Bilingual child talking

Talk and the bilingual child: Getting them to speak sooner

For any parent, talking to their child is natural and spontaneous, and something that is done without thinking too much about it. For bilingual children, talk is their biggest tool, and also their biggest challenge when learning to communicate effectively in two languages.

In the education field, there are particular strategies that professionals use to encourage the talk and speech development of any child, and these strategies can easily be deployed in the home environment in order to build confidence and allow your children to practise their newly developed communication skills. Perhaps you already use these strategies without thinking? In any case, it can be fascinating to observe your child’s response to your input, and a real privilege to take an informed role in such an exciting learning experience.

Try the strategies below and let us know how you get on!

Repeating/Restating

Description: You simply repeat what your child has said, correctly, in a positive tone

Reason to use this strategy: There is immense value in repeating a phrase that your child has said – it gives them the confidence that what they have said has been understood correctly, making them more likely to try again with something new. It also gives you a great opportunity to correct any mistakes in a positive way without telling them that they were wrong.

Example:

Child: tea?
Adult: Yes, it’s breakfast time – good girl!

Extending and expanding

Description: You repeat your child’s phrase but extend it slightly with new vocabulary.

Reason to use this strategy: By extending a phrase with new vocabulary you consistently provide opportunities for progression. It broadens vocabulary and models correct sentence structure.

Example:
Child: Bus
Adult: Yes, red bus

NB it is generally agreed that this technique works best if you add one more word or idea than the child usually uses. If the child says ‘red bus’, the adult might say ‘big, red bus’. Another example could be if the child says ‘park’, the adult could say ‘park later’, or ‘go to the park’.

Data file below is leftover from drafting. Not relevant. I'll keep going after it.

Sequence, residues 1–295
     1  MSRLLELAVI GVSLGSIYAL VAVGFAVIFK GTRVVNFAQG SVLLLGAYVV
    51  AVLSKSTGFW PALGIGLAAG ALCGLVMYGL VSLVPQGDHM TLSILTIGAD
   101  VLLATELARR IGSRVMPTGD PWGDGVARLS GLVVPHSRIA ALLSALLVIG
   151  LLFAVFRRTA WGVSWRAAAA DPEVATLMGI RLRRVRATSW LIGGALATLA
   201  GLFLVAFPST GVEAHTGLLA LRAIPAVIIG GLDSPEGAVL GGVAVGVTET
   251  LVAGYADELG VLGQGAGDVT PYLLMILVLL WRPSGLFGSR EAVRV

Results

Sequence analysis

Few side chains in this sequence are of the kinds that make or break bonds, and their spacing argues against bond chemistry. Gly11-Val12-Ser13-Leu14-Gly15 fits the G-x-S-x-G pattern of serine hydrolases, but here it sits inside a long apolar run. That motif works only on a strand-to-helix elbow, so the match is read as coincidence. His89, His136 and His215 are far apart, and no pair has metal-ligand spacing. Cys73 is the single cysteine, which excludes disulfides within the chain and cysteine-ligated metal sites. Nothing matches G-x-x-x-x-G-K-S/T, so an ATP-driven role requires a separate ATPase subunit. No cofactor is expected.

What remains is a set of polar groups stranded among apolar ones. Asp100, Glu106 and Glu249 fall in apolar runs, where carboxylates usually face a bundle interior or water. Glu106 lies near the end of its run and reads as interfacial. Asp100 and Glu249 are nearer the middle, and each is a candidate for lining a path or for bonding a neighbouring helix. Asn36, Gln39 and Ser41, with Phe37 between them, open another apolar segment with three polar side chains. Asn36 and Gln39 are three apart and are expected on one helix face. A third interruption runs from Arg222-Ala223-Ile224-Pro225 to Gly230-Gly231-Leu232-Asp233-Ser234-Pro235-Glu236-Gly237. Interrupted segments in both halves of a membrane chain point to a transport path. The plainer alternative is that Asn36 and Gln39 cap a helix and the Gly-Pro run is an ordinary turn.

Talking about your own actions

Description: Describe your actions as you do them – providing a running commentary of what you are doing, your ideas and key vocabulary.

Reason to use this strategy: To model talk without requiring the child to involve themselves – good in a new play situation where child does not have the vocabulary or language skills to talk independently. By repeating key vocabulary you can build confidence even more. The child can absorb the new language and understand it as you are physically showing the child what you are doing alongside your vocal description.

Example:
“I think I’ll make a sandcastle in the sandpit. I need to fill up the bucket with sand – I think I need the spade for that. I’m going to fill it up, fill it up, all the way to the top. Now, I’m going to pat it down, smooth the top, and then quickly turn it over – quickly, quickly. Has it worked? Let’s see…Yes, look, a sandcastle!”

Parallel Talk

Description: Parallel talk involves you describing what your child is doing as they play.

Reason to use this strategy: As with your own actions, this strategy models the vocabulary needed for a task, and repetition helps the absorption of key words. The child understands the talk as they are physically doing the actions being described. It is a very positive method of praising and encouraging good play.

Example:
“Wow, Jacob, what a big tower you are building! That’s right, put another brick on top. Oh – it’s a yellow brick. Now a red brick, now a blue brick. Look how high it is! Your tower is very high! Oh I see, you’re going to knock it down. One…two…three – down it goes!”

Modelling

Description: Introduce a new activity by describing it using some of the language the child will need.

Reason: Gives the child a bank of vocabulary to use before they start and therefore encourages them to be more vocal in their play right from the beginning.

Example:
“Sophie, so you remember we bought some new paints? Look, there’s lots of different colours – red, green, yellow… We’ll need a paintbrush and some water, and some paper to paint on. I wonder which colour you’ll use first? Have you got your paintbrush? Ok, well dip it into the water and then you can paint!

 

 

Image courtesy of Witthaya Phonsawat, / freedigitalphotos.net

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